Clear thinking is not only refreshing, it is redeeming. Winston Churchill was a clear thinker. Churchill always felt that because he failed at his mission, he was placed in the office as Prime Minister. He warned his government time and again about Nazism but his solutions were considered radical. Negotiations with liars was the downfall of Neville Chamberlain who imagined that he had forged “Peace in our Time” with Hitler.

A Churchill approach to radical Islam is to make it illegal. Today in Germany, Nazi demonstrations are illegal. Such activity will land you in jail. Even denying the Holocaust will land you in jail. Can we gather enough wits about us to begin to pass laws against radical Islam in our nations? We should be joined by moderate Muslims, if there are any. Driving the small Islamofacist cells out of Islamic communities in foreign nations will assure the security of those communities as well.

In the final analysis, because of international pressure, Israel pulled entirely out of Gaza in the summer of 2005. The world expected a peaceful Gaza as a result of no more "occupation." However, Israel knew from experience that peace would not be possible, and Israeli political analysts from the day military troops and Israeli citizens pulled out of the Gaza Strip forecast what we see today: chaos.

So, let the apologies begin. Israel, we beg your forgiveness.

Friday, May 25, 2007


The UNIFIL (the United Nations Interim Forces In Lebanon) soldiers gesticulated obscenely at us as we slowed down at the Lebanon border. My jaw dropped. These were supposed to be "peace keeping forces." We had to pass through these blue beret-clad soldiers. Our Israeli license plate and armed soldier chaperone tagged us as having come into Lebanon from Israel. Though the hatred of the U.N. soldiers was a real shock, it wasn’t the first surprise of the day. Moshe, our armed chaperone had taken us to a Palestine refugee camp near Tyre where a U.N. aid truck was surrounded by angry Palestinian men shouting at the driver. These enemies of Israel treated Moshe, an Israeli soldier, as if he were their brother. “Moshe,” they said, “Please can’t you stop the U.N. from coming here? They are not bringing us anything . . . they are stealing what little we have.” Another shock was clever news editing to exaggerate damage from Israeli bomb strikes, to the point of photographing buildings that had been destroyed in Lebanon’s civil war years before. If one news source was reporting a bloody war, you can bet all the others had to trump the story because of expensive advertising time on prime-time news spots.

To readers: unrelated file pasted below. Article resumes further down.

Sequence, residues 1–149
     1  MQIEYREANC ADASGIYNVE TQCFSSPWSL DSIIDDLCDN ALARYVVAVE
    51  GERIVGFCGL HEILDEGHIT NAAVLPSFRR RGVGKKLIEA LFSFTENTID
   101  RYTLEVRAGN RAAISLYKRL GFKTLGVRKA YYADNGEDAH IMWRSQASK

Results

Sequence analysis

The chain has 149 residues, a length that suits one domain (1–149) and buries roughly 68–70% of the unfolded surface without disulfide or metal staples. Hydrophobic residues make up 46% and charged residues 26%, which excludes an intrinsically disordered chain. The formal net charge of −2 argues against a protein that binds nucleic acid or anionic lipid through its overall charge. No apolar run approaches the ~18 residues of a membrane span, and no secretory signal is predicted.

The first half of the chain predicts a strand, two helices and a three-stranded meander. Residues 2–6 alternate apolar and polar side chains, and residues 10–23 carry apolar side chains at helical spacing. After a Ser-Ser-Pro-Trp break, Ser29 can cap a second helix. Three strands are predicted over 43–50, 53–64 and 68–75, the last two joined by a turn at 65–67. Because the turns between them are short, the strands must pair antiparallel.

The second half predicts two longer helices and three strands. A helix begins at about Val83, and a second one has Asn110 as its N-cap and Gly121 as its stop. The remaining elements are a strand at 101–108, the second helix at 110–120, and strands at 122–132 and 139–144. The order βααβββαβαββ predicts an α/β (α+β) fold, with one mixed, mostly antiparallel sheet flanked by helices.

That was 1982 and three trips into Lebanon left me so angry at the media’s misinterpretation of what was happening there I left my family for a three-month speaking tour to Europe and the USA in an effort to tell my own photojournalist eye-witness account. We didn’t have the luxury of cyberspace then. The reality was that the UNIFIL soldiers reaction was merely the fruit of reporting that was viciously biased against Israel from almost every media source.